Artificial intelligence (AI) technologies hold big promise for the financial services industry, but they also bring risks that must be addressed with the right governance approaches, according to a white paper by a group of academics and executives from the financial services and technology industries, published by Wharton AI for Business.
Wharton is the academic partner of the group, which calls itself Artificial Intelligence/Machine Learning Risk & Security, or AIRS. Based in New York City, the AIRS working group was formed in 2019, and includes about 40 academics and industry practitioners.
The white paper details the opportunities and challenges of implementing AI strategies by financial firms and how they could identify, categorize, and mitigate potential risks by designing appropriate governance frameworks. However, AIRS stopped short of making specific recommendations and said that its paper is meant for discussion purposes. “It is critical that each institution assess its own AI uses, risk profile and risk tolerance, and design governance frameworks that fit their unique circumstances,” the authors write.
“Professionals from across the industry and academia are bullish on the potential benefits of AI when its governance and risks are managed responsibly,” said Yogesh Mudgal, AIRS founder and lead author of the white paper. The standardization of AI risk categories proposed in the paper and an AI governance framework “would go a long way to enable responsible adoption of AI in the industry,” he added.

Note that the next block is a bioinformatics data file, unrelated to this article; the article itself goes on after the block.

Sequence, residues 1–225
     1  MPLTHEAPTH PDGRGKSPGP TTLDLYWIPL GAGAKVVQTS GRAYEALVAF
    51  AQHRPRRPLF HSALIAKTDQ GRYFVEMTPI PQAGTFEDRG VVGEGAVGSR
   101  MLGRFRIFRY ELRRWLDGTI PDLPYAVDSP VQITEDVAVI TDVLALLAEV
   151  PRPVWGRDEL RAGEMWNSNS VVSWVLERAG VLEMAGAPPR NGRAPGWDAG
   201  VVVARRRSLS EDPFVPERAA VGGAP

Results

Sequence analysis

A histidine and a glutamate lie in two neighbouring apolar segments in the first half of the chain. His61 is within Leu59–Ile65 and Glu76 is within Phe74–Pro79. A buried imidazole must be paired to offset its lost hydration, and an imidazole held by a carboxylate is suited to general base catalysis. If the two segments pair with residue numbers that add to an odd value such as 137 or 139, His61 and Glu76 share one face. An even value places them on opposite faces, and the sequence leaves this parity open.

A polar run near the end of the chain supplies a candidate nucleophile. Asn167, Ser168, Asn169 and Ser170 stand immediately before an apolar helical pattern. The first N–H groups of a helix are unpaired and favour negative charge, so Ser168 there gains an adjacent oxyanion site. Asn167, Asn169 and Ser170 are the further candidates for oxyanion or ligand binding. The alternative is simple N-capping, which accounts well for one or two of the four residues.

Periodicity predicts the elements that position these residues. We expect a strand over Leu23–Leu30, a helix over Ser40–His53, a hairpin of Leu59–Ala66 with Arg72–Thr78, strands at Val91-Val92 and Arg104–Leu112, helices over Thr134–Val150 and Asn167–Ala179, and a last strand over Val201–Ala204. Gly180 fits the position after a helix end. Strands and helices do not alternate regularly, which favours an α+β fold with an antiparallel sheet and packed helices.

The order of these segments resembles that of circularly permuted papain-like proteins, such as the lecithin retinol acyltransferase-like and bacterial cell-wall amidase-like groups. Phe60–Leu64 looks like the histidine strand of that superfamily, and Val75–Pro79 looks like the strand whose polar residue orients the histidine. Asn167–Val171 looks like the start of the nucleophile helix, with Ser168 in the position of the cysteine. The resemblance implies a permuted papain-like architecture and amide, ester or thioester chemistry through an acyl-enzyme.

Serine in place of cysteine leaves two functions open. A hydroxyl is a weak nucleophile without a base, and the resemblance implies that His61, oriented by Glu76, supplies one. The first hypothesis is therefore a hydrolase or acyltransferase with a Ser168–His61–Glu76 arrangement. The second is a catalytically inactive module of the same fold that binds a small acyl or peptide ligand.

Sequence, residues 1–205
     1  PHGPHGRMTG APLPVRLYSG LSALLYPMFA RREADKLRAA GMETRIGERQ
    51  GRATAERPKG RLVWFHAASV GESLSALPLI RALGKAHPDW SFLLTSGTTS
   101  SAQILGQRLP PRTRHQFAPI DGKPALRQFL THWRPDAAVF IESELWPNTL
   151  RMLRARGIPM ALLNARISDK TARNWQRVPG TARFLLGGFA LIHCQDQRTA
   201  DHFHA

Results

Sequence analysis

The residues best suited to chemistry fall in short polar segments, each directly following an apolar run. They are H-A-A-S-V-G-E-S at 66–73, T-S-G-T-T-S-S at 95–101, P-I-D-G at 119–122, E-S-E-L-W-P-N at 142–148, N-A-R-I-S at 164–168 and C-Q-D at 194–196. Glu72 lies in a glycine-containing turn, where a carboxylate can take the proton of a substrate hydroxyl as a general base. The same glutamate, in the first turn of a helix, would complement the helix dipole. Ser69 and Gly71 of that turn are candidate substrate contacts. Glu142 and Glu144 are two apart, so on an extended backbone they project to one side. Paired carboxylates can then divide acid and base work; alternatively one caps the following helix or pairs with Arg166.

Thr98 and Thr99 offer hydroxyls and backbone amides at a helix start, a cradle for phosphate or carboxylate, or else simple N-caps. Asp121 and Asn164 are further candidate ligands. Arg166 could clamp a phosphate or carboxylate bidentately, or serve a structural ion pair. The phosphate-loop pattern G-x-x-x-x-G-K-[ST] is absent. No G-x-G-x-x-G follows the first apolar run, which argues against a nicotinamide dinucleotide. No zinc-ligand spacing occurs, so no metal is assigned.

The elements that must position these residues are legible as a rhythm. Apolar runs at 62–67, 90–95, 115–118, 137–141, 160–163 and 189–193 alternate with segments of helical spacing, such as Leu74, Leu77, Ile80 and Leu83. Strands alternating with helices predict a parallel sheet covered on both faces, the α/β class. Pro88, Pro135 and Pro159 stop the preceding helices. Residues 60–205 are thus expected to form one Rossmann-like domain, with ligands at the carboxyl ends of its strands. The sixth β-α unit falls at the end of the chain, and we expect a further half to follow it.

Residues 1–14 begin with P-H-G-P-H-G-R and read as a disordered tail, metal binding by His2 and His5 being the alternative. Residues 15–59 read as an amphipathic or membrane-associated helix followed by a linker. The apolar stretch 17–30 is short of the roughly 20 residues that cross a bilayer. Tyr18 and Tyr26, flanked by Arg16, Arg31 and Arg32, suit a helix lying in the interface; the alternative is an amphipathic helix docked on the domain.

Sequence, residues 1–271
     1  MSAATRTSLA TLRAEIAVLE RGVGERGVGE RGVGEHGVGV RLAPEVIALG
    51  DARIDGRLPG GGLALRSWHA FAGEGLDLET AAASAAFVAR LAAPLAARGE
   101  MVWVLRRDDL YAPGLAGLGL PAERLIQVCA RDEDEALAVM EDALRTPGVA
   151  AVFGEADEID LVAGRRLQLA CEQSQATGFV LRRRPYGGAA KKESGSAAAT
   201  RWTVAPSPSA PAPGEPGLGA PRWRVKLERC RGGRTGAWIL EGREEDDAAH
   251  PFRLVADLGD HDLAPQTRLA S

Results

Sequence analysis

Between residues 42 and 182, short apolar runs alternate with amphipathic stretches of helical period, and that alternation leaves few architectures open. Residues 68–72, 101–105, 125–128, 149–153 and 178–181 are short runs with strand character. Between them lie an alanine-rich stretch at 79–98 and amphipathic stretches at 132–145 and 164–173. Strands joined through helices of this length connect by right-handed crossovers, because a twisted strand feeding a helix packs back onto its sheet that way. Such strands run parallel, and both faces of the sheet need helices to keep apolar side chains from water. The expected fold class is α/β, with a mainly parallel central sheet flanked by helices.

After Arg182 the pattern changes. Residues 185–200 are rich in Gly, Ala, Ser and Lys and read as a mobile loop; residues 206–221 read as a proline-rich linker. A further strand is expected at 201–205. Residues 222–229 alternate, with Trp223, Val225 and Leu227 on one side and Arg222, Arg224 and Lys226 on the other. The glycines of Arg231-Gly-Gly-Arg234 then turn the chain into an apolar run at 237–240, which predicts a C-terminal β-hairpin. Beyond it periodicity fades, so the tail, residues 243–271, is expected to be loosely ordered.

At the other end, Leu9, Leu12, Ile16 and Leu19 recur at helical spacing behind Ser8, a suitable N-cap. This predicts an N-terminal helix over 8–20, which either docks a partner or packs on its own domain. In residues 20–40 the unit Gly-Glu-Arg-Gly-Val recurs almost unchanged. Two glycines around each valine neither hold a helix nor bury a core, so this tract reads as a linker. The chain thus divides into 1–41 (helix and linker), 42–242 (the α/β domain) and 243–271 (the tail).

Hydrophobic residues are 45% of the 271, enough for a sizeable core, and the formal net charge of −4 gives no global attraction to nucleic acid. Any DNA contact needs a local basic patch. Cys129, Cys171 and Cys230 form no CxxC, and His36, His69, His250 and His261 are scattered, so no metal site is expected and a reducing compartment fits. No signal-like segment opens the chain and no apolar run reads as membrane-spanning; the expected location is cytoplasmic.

Potential Gains from AI
Financial institutions are increasingly adopting AI “as technological barriers have fallen and its benefits and potential risks have become clearer,” the paper noted. It cited a report by the Financial Stability Board, an international body that monitors and makes recommendations about the global financial system, which highlighted four areas where AI could impact banking.
The first covers customer-facing uses that could expand access to credit and other financial services by using machine learning algorithms to assess credit quality or to price insurance policies, and to advance financial inclusion. Tools such as AI chatbots “provide help and even financial advice to consumers, saving them time they might otherwise waste while waiting to speak with a live operator,” the paper noted.